The Working Income Tax Benefit provides a refundable tax credit up to $931 for an individual, or $1,762 for families, couples and single parents. If you can get a part time or casual job (earn at least $3,000), it may be worth considering. If you are receiving CPP disability, you can earn up to $4,600 and not affect your CPP disability eligibility. And if you are receiving the Guaranteed Income Supplement, you can earn up to $3,500 without a reduction.

Tradesperson’s Tools Deduction is $500 but I think it’s overrated. You need to spend $1,595 to get the full $500 deduction that is worth $75 to $145 in actual savings depending on your federal tax bracket. Don’t buy tools just to get this credit, but if you are buying the tools anyway, keep the receipts.
This credit may not apply to us in the rural, but if you know someone in Winnipeg, make sure if they are using transit that they know about the Public Transit amount and claim their transit costs.

Moving Expense deduction is not well known, but you do need to move at least 40 km to start a new job or a business.

Pension Income Splitting is known to most pensioners. It can be a private pension plan at any age, or Registered Retirement Income Fund payments at age 65+.
Charitable Donations are well known too, but remember you can carry them forward up to five years, so keep them even if they are small. You get a small tax break for the first $200, but a bigger break on the amount over $200, so you may not want to claim them every year.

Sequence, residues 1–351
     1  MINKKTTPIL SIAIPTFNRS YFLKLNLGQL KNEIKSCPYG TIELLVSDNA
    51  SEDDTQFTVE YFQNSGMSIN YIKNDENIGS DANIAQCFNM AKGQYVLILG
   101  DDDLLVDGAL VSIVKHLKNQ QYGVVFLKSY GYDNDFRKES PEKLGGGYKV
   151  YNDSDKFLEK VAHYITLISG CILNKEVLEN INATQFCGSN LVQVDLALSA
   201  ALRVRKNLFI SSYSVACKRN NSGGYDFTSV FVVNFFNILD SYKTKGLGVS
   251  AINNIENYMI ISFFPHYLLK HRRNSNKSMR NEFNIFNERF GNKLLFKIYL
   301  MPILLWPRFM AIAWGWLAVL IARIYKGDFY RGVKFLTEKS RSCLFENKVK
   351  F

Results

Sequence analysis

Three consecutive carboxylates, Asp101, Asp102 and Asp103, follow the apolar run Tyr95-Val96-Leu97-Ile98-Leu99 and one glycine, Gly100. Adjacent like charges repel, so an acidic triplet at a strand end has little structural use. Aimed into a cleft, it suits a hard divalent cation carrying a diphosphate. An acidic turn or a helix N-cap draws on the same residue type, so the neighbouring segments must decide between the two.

GST Credit is available once you turn 19, so young people should be filing a tax return regardless of their income.
Remember that the Government of Manitoba refuses to increase their credits with inflation (ok, the basic has increased a very small amount) and so they are far behind the federal tax credits. So with all these tax credits, you might reduce your federal taxes payable to zero, and yet still have provincial taxes to pay. If that upsets you (and it should!) contact your MLA and our provincial Minister of Finance!

After you have filed your taxes for 2012, compare your federal tax payable to your provincial tax payable. In the year 2000, the Manitoba taxes payable used to be 50% of the federal taxes payable. I don’t see that much anymore. More and more tax filers are paying way more Manitoba taxes than they used to because our current provincial government refuses to increase the tax credits with inflation. Make some noise and let all the provincial parties know this is not acceptable and should be an election issue next time around!

There you have the sometimes lesser known tax credits and deductions. Keep them in mind when you file your own taxes (I shudder to think of what you might be missing) or when you visit a tax professional like myself.

Anni Markmann is a Tax Professional and owns Ste Anne Tax Service. She lives, works, and volunteers in our community. Contact her at 204-422-6631, or 36 Dawson Road in Ste Anne.